The archives of the 13th Cambridge St Philips Notts’ Own give instances of both Junior and Senior patrols.
The Junior patrols were formed in 1913 on the large second intake of recruits. Described as ‘Much criticised‘ in DC Malletts summary of the early records ‘it has proved to be very advantageous to both them and senior patrols.‘ This was ‘not for boys under the unofficial age but the smaller and younger Scouts of the troop.’
This was not a standard step but one selected to cope with the situation in which the original scouts, who were significantly older and well established, were joined not by a steady trickle of recruits but by a block intake. This junior patrol dispersed into standard patrols well within two years. The average age at the original intake, over two years before, was 13.7. The very large age spread of 11 to a nominal 18 (but no clear upper age was yet set) generated difficulties – if only in the playing of British Bulldog.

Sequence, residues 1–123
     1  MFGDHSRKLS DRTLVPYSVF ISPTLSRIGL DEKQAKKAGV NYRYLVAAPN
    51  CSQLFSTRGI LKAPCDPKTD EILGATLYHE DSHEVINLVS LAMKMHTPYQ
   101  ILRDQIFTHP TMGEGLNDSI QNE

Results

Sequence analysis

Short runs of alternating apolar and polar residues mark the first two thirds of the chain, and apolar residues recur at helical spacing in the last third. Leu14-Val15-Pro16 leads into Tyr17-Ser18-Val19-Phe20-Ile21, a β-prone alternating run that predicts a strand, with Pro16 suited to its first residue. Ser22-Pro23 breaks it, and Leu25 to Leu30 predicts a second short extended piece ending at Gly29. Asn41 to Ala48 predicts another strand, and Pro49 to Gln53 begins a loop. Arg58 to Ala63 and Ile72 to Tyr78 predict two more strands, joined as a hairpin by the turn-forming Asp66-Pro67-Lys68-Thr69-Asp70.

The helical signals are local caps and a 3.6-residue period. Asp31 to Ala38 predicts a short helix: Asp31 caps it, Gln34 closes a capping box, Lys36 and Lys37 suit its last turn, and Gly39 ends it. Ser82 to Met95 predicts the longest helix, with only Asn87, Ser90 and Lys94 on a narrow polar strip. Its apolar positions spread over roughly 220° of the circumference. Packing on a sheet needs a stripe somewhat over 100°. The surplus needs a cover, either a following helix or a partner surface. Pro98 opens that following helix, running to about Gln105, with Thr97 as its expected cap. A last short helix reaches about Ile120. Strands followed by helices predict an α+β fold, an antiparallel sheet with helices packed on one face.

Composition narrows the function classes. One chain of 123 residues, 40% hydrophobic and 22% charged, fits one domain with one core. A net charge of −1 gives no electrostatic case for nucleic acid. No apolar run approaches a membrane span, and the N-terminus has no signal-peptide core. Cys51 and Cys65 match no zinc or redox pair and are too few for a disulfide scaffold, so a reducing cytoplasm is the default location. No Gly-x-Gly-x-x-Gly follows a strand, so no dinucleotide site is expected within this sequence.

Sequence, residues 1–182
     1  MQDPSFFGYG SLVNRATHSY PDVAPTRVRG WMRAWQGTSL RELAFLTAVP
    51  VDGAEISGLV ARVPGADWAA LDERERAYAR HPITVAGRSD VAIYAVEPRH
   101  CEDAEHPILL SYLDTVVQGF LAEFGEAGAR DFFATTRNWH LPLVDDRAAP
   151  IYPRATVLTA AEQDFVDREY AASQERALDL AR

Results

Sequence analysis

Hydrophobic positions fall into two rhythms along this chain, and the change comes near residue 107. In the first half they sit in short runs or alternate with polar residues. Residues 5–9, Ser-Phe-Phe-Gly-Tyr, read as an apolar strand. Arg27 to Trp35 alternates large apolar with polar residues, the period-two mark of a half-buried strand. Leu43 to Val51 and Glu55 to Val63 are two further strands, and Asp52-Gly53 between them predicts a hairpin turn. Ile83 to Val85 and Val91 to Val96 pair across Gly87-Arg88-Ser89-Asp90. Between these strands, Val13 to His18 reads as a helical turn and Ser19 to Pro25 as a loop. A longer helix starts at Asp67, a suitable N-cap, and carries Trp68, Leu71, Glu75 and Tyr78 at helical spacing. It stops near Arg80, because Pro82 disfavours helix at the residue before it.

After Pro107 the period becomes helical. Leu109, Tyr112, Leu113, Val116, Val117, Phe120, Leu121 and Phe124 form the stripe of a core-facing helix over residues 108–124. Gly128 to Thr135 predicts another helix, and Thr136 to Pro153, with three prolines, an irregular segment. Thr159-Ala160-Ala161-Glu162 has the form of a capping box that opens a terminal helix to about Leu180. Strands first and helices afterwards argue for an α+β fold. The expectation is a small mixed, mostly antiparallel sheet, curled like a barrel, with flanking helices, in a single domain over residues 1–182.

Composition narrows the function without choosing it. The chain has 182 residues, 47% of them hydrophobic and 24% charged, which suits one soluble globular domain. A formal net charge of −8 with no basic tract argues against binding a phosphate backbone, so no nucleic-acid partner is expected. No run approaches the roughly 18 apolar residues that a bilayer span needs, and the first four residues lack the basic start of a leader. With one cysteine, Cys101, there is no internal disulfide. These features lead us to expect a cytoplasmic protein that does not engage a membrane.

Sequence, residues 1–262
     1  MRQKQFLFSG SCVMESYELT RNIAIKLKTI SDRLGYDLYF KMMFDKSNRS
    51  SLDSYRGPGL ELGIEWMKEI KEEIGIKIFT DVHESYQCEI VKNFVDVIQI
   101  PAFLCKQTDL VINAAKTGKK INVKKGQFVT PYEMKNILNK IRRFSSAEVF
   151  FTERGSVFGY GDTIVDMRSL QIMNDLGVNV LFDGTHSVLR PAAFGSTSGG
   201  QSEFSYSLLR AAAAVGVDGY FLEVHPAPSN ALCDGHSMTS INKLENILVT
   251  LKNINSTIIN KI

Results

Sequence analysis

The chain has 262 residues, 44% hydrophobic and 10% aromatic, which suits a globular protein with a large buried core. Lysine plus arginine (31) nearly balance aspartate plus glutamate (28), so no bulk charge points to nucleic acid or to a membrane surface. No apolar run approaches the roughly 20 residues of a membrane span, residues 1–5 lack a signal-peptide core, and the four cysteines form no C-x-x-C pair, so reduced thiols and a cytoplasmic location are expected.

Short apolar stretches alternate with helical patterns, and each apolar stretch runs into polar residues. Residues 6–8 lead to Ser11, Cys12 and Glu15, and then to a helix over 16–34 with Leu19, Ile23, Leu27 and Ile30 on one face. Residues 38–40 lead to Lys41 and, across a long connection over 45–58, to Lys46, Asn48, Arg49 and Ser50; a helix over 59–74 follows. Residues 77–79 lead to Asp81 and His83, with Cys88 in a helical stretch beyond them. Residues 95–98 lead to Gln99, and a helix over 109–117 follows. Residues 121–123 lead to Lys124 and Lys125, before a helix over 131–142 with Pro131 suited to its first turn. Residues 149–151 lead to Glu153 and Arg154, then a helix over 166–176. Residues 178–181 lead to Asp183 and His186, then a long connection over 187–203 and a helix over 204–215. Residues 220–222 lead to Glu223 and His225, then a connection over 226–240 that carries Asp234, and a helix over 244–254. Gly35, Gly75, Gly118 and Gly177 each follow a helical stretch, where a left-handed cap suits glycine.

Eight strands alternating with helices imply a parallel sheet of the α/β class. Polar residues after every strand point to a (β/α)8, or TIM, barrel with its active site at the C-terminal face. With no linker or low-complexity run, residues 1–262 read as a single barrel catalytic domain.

Such intakes have occured elsewhere; the 7th lowered the age of entry from 12 in the 1930’s and appear to have experienced a block influx.
The 13th ‘seniors’ were not labeled as a Senior patrol, they retained their patrol names.
The 13th Cambridge Senior Scouts was first started in 1944. This was ahead of the transition of War Service Scouts (WSS) into Senior Scouts and ahead of the offical start date of 1946. A formal switch from WSS to Senior Scouts has not identified in Cambridge District archives. Discussion on Senior Scouts had been going on during 1943 and information leaflets were available. Despite the rationing uniform changes had been planned.
The DC, Howard Mallett, was aware and indeed started Senior Scouts at the same time. Three Senior Scout Patrols were listed ahead of the fomal census returns in 1947; 13th, 25th, and one other unidentifed.
See Structure/ Sections/Senior Scouts in Cambridge
See Structure/ Sections/War Service Scouts in Cambridge
See Activities/ Games/ British Bulldog